Saturday, January 23, 2010

Pre-Query Woes, Ctd.

(Yay, pretty layout! I swear I won't change it again for awhile.)

Let me first define the terms of our discussion:

Query Itch: the premature desire to query a work you are in the process of revising. This condition is often exacerbated by having other writers around you who are querying (and, in severe cases, getting buttloads of requests from said queries).

Query Salve: an imaginary cure for query itch that bears remarkable similarity to Burt's Bees Hand Salve (a farmer's friend).

Basically, here's the story: after Thanksgiving I started to write Divergent. I wrote Divergent until my hands almost fell off. Then I finished Divergent. I reread it. I made structural changes. I took the axe to it. I drafted a query letter. I sent my MS to betas.

(This timeline is INSANE for me, by the way. It took me a year to write TM. A YEAR. 40 days? What the HECK is that? Say it with me: This. Never. Happens.)

This post will be my official cure for the Query Itch.

Item 1: Betas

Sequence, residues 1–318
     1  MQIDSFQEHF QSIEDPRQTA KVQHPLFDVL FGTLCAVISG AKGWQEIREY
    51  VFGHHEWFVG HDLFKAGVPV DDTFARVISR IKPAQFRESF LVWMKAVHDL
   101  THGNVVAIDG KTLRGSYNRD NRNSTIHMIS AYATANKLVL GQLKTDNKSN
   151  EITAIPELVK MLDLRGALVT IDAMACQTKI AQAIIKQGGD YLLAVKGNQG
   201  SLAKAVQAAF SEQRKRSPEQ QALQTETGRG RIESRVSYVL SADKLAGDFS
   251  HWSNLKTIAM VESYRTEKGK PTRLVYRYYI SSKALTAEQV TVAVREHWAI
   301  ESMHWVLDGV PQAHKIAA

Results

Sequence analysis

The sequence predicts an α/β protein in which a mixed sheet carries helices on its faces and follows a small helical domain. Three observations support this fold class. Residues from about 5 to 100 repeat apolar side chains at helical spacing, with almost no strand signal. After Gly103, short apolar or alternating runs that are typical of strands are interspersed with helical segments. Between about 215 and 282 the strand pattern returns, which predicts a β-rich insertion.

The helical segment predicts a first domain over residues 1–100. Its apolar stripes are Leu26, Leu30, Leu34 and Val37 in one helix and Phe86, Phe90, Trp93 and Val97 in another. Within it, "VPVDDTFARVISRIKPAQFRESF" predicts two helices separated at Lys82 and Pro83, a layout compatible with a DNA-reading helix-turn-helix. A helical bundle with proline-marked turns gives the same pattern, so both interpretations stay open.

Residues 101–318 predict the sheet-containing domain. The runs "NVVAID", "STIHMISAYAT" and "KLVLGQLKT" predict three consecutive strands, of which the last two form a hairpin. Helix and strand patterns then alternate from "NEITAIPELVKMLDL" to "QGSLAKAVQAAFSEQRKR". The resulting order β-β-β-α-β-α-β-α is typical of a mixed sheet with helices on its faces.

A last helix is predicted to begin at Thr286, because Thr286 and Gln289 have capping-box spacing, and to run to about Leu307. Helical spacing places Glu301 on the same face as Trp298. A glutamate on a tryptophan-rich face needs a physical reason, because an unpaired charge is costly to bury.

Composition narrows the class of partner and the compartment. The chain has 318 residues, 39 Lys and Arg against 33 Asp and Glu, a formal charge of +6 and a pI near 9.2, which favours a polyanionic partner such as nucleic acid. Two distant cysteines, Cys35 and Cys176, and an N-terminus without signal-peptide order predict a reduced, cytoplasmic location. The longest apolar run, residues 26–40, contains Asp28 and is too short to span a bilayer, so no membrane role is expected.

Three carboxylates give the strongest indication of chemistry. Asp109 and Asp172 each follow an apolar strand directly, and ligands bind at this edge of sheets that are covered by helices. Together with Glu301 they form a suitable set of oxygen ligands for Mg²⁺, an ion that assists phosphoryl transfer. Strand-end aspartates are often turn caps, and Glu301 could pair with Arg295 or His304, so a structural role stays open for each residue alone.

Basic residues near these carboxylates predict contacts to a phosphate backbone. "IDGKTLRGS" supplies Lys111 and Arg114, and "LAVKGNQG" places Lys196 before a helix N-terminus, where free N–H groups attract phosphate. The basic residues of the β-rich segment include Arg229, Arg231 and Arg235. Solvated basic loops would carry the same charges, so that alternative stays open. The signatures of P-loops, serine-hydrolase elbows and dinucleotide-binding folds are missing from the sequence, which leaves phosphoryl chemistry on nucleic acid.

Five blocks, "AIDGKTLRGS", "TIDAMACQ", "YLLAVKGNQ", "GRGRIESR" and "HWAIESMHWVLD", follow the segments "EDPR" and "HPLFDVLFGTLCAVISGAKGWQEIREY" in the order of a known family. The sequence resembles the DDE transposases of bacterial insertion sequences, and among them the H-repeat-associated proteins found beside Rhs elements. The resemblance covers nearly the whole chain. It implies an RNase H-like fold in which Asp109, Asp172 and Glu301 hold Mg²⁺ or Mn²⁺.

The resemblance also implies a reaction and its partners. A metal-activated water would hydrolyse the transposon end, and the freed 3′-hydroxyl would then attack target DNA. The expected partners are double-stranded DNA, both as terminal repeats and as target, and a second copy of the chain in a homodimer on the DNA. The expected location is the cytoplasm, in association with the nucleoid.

Let's say you just revised. You picked the writing apart. You picked the plot apart. You put everything back together again, as neatly as possible. Now when you look at your MS, you get a surge of pride and you think, "this is rather good. I think this is in tip-top shape." (I don't know why you've become a stuffy old British man from a Dickens film. Let's move on.) I have breaking news for you: you're wrong.

Maybe you're right that your MS is rather good, but it is not in tip-top shape, because you are wearing Post-Revision Blinders. When I stare at D right now, I wonder what on earth my critiques will be, because I see no problems. Well, of course I see no problems. If I had seen problems, I would have fixed them before I sent the MS to betas. But one thing I've learned is: the problems are there.

It's sort of like when you get a cold. The day before you have symptoms, the germs are still floating around your body, unseen and about to attack. When you get your beta comments back, that's called "getting symptoms." The betas will help you see the problems. And instead of fearing them, we must all learn to love them. They are making your MS stronger.